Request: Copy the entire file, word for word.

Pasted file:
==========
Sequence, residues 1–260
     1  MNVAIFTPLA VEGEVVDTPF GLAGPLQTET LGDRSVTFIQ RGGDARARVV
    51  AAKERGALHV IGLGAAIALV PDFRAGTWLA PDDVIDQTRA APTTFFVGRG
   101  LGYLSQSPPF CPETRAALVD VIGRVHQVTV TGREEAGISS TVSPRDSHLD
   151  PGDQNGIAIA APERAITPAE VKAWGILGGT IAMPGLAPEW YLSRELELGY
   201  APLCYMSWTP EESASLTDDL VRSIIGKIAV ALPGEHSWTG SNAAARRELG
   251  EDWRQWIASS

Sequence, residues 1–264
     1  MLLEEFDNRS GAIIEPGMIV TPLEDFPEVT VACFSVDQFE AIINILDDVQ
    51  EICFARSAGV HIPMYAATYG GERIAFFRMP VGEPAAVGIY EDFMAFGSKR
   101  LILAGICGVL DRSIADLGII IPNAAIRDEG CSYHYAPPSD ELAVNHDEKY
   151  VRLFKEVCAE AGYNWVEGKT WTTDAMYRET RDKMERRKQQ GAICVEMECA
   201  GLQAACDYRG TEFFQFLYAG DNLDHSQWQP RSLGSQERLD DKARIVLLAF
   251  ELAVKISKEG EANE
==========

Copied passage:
Sequence, residues 1–260
     1  MNVAIFTPLA VEGEVVDTPF GLAGPLQTET LGDRSVTFIQ RGGDARARVV
    51  AAKERGALHV IGLGAAIALV PDFRAGTWLA PDDVIDQTRA APTTFFVGRG
   101  LGYLSQSPPF CPETRAALVD VIGRVHQVTV TGREEAGISS TVSPRDSHLD
   151  PGDQNGIAIA APERAITPAE VKAWGILGGT IAMPGLAPEW YLSRELELGY
   201  APLCYMSWTP EESASLTDDL VRSIIGKIAV ALPGEHSWTG SNAAARRELG
   251  EDWRQWIASS

Sequence, residues 1–264
     1  MLLEEFDNRS GAIIEPGMIV TPLEDFPEVT VACFSVDQFE AIINILDDVQ
    51  EICFARSAGV HIPMYAATYG GERIAFFRMP VGEPAAVGIY EDFMAFGSKR
   101  LILAGICGVL DRSIADLGII IPNAAIRDEG CSYHYAPPSD ELAVNHDEKY
   151  VRLFKEVCAE AGYNWVEGKT WTTDAMYRET RDKMERRKQQ GAICVEMECA
   201  GLQAACDYRG TEFFQFLYAG DNLDHSQWQP RSLGSQERLD DKARIVLLAF
   251  ELAVKISKEG EANE